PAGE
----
In fact, I took it further. Because you need to address the situation with the developed payload/sat. Linked.

As with most strategy papers, there is a disconnect between means, application, and execution.
Quote
Concepts explored include, but are not limited to, building a large number of simpler and less exquisite satellites that are built well in advance and can be placed in space as needed.
This last highlighted point is where things break down IMHO.

It's a misunderstanding of how to apply current technology. And ... a limiting factor in exploiting some of the strategic advantages that the paper points out.

Online RotoSequence

  • Full Member
  • ****
  • Posts: 665
  • Liked: 511
  • Likes Given: 695
Re: Air Force reusable launch
« Reply #22 on: 05/11/2017 09:57 PM »
I don't understand the point you're making. It's increasingly likely that any war with the US in the not too distant future is going to involve attrition and loss of space based assets. If attrition is all but certain, it's necessary that replacement equipment be available to cycle up as needed, due to the long lead times in some of the system components. Reduced per-satellite complexity increases the effort needed by an adversary to wholly disable the battle network over a given region, and reduces the cost of replacing that component of the system from causes such as malfunction, obsolescence, or enemy action. Wherein lies the misunderstanding of how to apply the technology?

Online Space Ghost 1962

  • Senior Member
  • *****
  • Posts: 2045
  • Whatcha gonna do when the Ghost zaps you?
  • Liked: 1774
  • Likes Given: 1263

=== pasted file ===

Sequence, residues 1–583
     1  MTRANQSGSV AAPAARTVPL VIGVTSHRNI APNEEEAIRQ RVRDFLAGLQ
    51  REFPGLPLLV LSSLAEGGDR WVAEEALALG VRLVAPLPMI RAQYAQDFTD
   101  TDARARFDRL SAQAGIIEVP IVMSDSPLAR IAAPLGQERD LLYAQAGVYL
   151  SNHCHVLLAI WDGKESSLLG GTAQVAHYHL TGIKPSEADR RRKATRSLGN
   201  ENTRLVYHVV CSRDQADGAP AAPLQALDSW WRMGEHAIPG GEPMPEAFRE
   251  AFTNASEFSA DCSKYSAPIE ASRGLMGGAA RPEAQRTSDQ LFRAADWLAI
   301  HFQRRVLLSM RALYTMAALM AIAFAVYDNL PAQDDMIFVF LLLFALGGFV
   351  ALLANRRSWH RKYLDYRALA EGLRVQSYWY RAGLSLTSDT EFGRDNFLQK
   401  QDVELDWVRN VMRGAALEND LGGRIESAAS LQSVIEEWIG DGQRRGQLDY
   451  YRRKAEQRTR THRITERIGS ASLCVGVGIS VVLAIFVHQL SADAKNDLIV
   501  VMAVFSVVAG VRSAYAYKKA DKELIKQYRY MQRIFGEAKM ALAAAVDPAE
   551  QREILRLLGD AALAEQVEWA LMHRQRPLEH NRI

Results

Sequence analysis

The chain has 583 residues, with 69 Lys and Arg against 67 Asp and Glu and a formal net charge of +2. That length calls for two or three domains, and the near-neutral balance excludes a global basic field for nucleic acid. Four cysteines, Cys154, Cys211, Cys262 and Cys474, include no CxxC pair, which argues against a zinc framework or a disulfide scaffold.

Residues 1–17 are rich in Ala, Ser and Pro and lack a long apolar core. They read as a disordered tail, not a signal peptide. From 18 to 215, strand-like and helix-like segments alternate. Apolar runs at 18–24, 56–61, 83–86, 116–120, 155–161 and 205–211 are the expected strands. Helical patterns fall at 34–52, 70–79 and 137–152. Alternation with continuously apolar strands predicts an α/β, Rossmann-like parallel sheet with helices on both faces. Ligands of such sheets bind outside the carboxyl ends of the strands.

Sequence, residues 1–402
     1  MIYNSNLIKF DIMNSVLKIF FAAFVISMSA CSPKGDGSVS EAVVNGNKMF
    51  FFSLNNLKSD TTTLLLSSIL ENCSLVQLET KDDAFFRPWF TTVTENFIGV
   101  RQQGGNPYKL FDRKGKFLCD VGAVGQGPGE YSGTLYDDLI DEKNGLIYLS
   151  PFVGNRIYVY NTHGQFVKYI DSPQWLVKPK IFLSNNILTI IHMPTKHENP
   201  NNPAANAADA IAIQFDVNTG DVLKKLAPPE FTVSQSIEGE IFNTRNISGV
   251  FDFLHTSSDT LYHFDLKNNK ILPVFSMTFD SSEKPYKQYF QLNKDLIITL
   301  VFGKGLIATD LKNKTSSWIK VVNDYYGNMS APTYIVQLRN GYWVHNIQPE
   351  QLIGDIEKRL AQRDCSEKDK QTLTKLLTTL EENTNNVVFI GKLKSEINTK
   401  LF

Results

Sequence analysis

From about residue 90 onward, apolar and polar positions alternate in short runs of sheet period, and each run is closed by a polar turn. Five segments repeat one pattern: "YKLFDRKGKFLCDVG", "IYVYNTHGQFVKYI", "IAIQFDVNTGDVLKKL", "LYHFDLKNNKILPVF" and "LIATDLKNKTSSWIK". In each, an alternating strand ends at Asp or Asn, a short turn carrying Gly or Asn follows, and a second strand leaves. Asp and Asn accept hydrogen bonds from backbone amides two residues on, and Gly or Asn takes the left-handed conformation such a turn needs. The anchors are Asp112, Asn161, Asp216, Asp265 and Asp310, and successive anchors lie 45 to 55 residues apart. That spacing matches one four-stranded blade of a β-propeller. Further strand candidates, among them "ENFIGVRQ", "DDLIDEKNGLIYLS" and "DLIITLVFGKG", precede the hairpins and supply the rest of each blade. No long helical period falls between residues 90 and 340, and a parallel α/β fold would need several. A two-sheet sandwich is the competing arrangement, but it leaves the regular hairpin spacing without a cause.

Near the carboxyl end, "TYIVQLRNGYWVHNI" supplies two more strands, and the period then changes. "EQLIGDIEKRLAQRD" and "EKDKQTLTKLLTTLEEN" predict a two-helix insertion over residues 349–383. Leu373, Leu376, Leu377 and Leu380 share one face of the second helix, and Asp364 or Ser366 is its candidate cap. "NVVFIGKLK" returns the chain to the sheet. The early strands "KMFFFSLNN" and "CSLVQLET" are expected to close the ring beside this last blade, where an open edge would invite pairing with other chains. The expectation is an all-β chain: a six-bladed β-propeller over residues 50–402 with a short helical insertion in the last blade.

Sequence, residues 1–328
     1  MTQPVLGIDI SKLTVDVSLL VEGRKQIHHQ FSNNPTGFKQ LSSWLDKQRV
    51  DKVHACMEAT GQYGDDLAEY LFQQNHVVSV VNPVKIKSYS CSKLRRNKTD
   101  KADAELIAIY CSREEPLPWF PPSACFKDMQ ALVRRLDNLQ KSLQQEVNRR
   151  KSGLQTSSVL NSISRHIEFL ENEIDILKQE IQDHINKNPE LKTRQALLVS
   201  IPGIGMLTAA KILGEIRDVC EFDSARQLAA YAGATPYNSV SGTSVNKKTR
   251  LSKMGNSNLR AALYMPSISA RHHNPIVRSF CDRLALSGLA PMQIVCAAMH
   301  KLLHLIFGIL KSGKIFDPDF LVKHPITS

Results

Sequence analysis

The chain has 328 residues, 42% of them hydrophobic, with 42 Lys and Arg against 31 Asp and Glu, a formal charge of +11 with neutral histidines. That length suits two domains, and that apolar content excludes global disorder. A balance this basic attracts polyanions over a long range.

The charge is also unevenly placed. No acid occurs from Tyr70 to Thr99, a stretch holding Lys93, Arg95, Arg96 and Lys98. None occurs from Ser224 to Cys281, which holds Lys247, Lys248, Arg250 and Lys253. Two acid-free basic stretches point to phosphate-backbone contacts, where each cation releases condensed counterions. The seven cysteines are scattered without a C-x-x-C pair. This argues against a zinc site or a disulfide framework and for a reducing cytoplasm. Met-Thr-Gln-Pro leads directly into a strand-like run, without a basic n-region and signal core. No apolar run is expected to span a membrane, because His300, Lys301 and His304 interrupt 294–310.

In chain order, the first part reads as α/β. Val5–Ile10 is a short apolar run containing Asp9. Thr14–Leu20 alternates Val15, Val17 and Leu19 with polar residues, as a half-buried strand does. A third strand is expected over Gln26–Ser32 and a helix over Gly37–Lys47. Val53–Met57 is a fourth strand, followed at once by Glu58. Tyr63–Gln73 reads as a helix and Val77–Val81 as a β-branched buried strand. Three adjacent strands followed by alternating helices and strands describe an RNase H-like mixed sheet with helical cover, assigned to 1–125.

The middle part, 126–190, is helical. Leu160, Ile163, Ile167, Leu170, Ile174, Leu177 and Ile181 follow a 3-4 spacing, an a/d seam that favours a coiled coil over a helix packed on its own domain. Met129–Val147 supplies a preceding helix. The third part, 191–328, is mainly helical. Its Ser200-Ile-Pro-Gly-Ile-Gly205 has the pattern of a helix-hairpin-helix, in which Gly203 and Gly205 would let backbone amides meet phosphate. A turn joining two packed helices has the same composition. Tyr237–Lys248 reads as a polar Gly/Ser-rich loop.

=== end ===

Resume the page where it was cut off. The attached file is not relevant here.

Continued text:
Re: Air Force reusable launch
« Reply #23 on: 05/12/2017 03:36 PM »
I don't understand the point you're making. It's increasingly likely that any war with the US in the not too distant future is going to involve attrition and loss of space based assets. If attrition is all but certain, it's necessary that replacement equipment be available to cycle up as needed, due to the long lead times in some of the system components.

What we have in hand right now already anticipates this. The improvements in launch frequency and presence of more than one with such launch frequency secures it, under current policy.

Quote
Reduced per-satellite complexity increases the effort needed by an adversary to wholly disable the battle network over a given region, and reduces the cost of replacing that component of the system from causes such as malfunction, obsolescence, or enemy action. Wherein lies the misunderstanding of how to apply the technology?

The nature of the threat has changed in that opportunistic attacks can attempt to target perceived weaknesses in a long term architecture, in the same way that cyberattacks have broadly attacked/found weaknesses in infrastructure.

The window of time on the vulnerability has shrunk to a fraction of what it was before. The only certain way to cover this is to have rapid development (agile) to counter the found weakness and the means to prove that it is countered. This is a different battle than before, because economics affords a more rapid means of conflict.

Its a variation on what Ross Anderson says in The Threat, which covers broadly the topic of global threat/crime. And, an example of where a small but essential need could be restored no matter the vulnerability, see Time Warfare: Threats to GPS Arenít Just About Navigation and Positioning, by minimally just orbiting an evasively engineered in the moment time base to a threat. (Alternatively, can create a navigation system leveraging GPS with sparse deployment for limited tactical need.) In these cases, its all about shortening the response time, as my example post goes into.

Have I answered your question fully? These are posts that are meant to be crisp not comprehensive.

But I do want you to understand what I'm addressing.

Tags: